"Proposition 209 says that race and ethnicity don’t matter, that grades and test scores are what’s important. But grades and test scores are highly influenced by the economics of our society," Carmona said. "There are parents who are paying $40,000 a year to prepare their kids for college with private counselors and advisors. That’s the kind of society of we live in, and there are big disparities."

After California

Three more states have adopted nearly identical policies since Proposition 209 was passed in California, and that number is likely to grow. Connerly recently announced his intention to explore similar campaigns in as many as nine states for the 2008 national elections.

His efforts have already paid off. In 1998, 58 percent of Washington State voters passed Initiative 200 to ban affirmative action. In Michigan, another 58 percent of voters cast ballots in favor of Proposal 2 to do the same in 2006. And Governor Jeb Bush ended affirmative action in Florida’s public universities by executive decree in 1999.

This past December, Connerly revealed plans to visit Arizona, Colorado, Missouri, Nebraska, Nevada, Oregon, South Dakota, Utah, and Wyoming before actually deciding how many campaigns to pursue in 2008. He told City on a Hill Press that while he does not envision there being enough resources to put initiatives on the ballot in all nine states, he expects to launch campaigns in three to five, and to know which by the end of February.

"I think we’re witnessing the end of an era in American life where race preferences were allowed," Connerly said. "The day is rapidly upon us where we say ‘what the hell were we thinking of?’"

While supporters of affirmative action feel that such bans will hinder the goal of leveling the academic playing field, they do acknowledge Connerly’s ability to recognize demographics and influence voters.

"Ward is speaking to the average voter in America, who is a white guy in the 40-something age range," said Carmona, who served alongside Connerly on the UC Board of Regents for two years. "And when you’ve got a black guy like Ward basically saying that this is an issue about cultural deviance and unqualified black people who don’t want to work hard enough, he carries a lot of credibility with voters and captures the fear and worry of much of the American public."

Connerly has often repeated that he will not quit until affirmative action is banned nationwide.

"Three down, 20 to go," Connerly said, referring to the 23 states that allow voters to decide laws through ballot initiatives.

Seattle, Louisville, & the Supreme Court

In June, the U.S. Supreme Court agreed to hear two cases that will be the first involving race-conscious decisions at educational institutions since 2003’s Grutter v. Bollinger. In that case, a white woman filed suit against the University of Michigan Law School, claiming that she had been denied acceptance because of lower standards for black, Latino, and Native American applicants. The Court consequently handed down a landmark ruling, deciding that the school’s policy of using race as a factor in admissions was constitutional and necessary.

The two current cases-from a parents’ group in Seattle and a parent in Louisville, KY-challenge whether districts can make race a factor when assigning students to public schools. The cases will also be the first involving race-conscious decisions since President Bush appointed conservative Justices John Roberts and Samuel Alito to the Supreme Court.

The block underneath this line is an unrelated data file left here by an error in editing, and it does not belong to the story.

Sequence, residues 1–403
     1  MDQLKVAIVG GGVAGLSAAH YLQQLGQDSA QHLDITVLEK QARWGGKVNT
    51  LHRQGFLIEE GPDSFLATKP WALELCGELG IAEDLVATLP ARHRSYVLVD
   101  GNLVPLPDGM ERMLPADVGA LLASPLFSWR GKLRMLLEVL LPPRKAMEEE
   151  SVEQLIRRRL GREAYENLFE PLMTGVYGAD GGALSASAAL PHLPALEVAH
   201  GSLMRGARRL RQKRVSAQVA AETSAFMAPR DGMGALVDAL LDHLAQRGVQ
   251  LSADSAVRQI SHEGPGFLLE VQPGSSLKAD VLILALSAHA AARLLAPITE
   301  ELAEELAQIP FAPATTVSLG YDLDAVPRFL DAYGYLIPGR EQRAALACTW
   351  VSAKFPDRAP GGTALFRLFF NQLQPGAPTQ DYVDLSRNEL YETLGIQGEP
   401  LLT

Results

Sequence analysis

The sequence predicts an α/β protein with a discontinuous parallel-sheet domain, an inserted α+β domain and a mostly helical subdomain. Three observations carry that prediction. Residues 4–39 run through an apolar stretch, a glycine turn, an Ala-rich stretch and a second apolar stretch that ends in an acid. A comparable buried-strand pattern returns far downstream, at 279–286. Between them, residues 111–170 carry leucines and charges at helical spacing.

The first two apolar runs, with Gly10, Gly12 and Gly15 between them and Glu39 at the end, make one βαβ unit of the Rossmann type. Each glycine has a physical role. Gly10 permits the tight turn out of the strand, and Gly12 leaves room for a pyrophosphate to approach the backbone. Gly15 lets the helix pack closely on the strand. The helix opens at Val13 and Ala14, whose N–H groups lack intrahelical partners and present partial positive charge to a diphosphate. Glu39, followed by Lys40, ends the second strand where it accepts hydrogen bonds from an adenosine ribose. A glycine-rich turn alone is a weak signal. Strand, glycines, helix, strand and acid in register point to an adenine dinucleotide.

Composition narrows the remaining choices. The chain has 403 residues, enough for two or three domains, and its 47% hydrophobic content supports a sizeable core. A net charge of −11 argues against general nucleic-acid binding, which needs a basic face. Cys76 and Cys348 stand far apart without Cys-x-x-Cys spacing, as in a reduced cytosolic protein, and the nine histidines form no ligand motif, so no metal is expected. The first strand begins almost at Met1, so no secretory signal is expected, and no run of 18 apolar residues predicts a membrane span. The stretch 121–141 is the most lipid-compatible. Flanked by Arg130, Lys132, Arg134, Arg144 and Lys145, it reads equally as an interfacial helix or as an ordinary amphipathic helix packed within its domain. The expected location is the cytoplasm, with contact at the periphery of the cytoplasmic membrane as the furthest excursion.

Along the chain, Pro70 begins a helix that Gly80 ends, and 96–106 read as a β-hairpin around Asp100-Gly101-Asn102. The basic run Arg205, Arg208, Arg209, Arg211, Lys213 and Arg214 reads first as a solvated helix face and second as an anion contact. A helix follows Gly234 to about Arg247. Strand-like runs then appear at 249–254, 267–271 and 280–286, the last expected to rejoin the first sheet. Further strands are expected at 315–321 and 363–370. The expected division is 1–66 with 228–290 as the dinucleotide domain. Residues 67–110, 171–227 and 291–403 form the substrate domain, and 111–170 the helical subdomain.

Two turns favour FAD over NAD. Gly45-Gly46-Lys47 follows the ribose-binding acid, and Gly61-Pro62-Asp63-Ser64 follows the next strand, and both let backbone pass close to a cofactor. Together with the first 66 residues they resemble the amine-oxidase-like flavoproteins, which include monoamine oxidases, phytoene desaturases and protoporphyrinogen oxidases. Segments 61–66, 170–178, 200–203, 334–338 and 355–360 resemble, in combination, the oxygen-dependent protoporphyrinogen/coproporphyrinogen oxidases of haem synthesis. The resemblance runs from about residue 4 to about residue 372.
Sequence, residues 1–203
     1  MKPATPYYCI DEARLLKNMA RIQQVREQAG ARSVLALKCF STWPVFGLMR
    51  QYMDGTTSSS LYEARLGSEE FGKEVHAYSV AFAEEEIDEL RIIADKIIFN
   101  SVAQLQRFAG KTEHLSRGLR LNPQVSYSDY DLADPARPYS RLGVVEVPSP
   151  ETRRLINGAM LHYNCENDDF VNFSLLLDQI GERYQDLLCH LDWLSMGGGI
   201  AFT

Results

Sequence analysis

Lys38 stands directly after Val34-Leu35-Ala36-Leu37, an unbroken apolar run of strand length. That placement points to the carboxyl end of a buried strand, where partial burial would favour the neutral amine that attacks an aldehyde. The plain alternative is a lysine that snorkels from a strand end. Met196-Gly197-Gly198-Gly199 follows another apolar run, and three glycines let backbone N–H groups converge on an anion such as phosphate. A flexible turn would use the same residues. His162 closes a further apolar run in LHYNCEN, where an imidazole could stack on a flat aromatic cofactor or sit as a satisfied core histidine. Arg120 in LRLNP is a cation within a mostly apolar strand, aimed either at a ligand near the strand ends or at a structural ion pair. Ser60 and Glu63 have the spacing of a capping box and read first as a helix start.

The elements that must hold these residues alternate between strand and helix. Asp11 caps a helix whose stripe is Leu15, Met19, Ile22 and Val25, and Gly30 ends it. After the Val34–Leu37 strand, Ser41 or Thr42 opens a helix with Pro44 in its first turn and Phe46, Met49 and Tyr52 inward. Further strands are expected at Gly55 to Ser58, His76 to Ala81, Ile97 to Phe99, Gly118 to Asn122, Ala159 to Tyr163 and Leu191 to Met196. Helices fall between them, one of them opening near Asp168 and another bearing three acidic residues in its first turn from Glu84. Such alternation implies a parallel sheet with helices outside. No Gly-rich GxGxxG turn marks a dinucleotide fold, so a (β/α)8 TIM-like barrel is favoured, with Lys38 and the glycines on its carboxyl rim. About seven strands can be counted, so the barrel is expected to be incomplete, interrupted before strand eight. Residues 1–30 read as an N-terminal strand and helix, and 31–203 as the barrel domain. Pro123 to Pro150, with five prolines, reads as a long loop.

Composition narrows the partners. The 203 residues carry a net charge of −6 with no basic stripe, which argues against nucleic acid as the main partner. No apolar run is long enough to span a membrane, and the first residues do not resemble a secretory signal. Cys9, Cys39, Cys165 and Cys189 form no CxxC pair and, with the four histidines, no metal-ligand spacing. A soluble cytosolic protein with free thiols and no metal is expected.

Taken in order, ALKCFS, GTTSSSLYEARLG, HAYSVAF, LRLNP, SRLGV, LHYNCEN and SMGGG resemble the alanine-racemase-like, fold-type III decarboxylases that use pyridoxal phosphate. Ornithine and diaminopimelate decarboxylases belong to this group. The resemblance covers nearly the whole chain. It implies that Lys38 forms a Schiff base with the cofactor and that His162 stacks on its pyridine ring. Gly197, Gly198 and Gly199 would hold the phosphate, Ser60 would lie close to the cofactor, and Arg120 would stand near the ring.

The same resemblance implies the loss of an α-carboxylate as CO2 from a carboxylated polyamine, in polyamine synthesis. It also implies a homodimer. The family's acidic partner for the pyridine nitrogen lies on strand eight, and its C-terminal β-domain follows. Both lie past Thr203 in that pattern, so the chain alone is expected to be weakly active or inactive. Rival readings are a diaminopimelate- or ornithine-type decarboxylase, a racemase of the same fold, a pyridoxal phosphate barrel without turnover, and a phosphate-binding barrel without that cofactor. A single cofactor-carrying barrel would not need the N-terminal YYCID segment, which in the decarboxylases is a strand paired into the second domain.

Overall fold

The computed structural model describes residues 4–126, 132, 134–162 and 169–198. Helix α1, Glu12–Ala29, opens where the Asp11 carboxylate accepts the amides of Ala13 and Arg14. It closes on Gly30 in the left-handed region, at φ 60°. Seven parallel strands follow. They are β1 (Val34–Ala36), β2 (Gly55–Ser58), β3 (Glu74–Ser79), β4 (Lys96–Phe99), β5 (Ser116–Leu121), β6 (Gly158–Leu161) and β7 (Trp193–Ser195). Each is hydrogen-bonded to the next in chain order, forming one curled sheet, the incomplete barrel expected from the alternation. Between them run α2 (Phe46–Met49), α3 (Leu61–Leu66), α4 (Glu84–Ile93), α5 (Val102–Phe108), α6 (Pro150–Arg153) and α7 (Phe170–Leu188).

Most observers agree that the court is likely to rule in favor of the parents in both cases, but it cannot be determined whether rulings to outlaw the race card in elementary school admissions will be broad enough to apply to higher education.

Eva Patterson, president of the Equal Justice Society, a national advocacy organization for social and racial justice, believes that a broad ruling against race-conscious decisions would be "devastating" and "a backward step for our society."

"With Roberts being appointed Chief Justice and Alito replacing [former Justice Sandra Day] O’Connor, it was an ominous sign that they took the Seattle and Louisville cases," Patterson said.

Many feel that a Supreme Court ruling against both districts will betray of one of the most famous cases in American history.

"The right wing is trying to undo Brown v. Board of Education," Patterson said. "There is a school of thought that thinks Brown v. Board was wrongly decided."

You can count Ward Connerly among this group.

"I think you can almost trace the degradation of education for blacks to the racial education movement when [The United States] broke up black schools and took black kids out of their neighborhoods on the flawed premise that their education would somehow improve by sitting next to a white kid," Connerly said.

Goodwin Liu, a professor at UC Berkeley’s School of Law-whose areas of expertise include education policy, civil rights, and the Supreme Court-disagrees with Connerly’s goal of disbanding affirmative action.

"[Educating a population] habituated to interacting with people of different races is a major part of literacy when it comes to operating in a diverse society," Liu said.

If this not done, he argued, then our society would remain increasingly diverse, but become even more divided by race.

"The most immediate effect would be that our public schools and universities would be as segregated as ever," Liu said of the Supreme Court possibly ruling against affirmative action. "The broader cultural effect would be a signal from the highest court in the land that, as a society, we ought to give up on integration."